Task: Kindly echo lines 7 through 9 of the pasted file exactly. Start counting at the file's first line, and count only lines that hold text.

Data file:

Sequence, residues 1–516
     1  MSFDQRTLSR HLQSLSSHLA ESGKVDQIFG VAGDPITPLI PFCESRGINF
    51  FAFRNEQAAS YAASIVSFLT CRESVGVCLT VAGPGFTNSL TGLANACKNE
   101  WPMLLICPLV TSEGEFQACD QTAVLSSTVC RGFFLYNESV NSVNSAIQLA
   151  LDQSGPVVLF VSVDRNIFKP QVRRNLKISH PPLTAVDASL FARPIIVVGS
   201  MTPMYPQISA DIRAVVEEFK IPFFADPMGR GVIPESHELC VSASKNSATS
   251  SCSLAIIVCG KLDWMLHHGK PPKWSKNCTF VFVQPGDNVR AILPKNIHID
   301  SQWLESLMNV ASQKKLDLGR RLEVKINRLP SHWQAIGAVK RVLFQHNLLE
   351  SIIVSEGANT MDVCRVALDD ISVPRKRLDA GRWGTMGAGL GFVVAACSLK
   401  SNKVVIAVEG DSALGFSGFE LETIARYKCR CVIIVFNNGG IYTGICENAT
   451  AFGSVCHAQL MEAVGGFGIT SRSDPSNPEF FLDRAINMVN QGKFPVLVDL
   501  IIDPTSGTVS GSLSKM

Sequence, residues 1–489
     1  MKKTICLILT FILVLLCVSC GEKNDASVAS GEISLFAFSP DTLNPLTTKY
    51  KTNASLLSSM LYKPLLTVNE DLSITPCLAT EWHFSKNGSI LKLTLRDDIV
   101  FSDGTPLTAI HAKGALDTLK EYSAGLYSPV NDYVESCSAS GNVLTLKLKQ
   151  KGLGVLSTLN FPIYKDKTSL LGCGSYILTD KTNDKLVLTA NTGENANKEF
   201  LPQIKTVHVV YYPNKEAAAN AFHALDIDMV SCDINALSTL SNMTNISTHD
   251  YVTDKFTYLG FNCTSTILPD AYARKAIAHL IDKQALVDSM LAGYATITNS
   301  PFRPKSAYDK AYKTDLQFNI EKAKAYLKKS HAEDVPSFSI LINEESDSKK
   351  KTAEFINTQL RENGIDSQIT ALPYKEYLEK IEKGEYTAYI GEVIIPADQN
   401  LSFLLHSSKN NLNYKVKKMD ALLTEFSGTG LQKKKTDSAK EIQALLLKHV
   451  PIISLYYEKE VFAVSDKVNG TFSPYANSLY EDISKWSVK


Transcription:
   251  SCSLAIIVCG KLDWMLHHGK PPKWSKNCTF VFVQPGDNVR AILPKNIHID
   301  SQWLESLMNV ASQKKLDLGR RLEVKINRLP SHWQAIGAVK RVLFQHNLLE
   351  SIIVSEGANT MDVCRVALDD ISVPRKRLDA GRWGTMGAGL GFVVAACSLK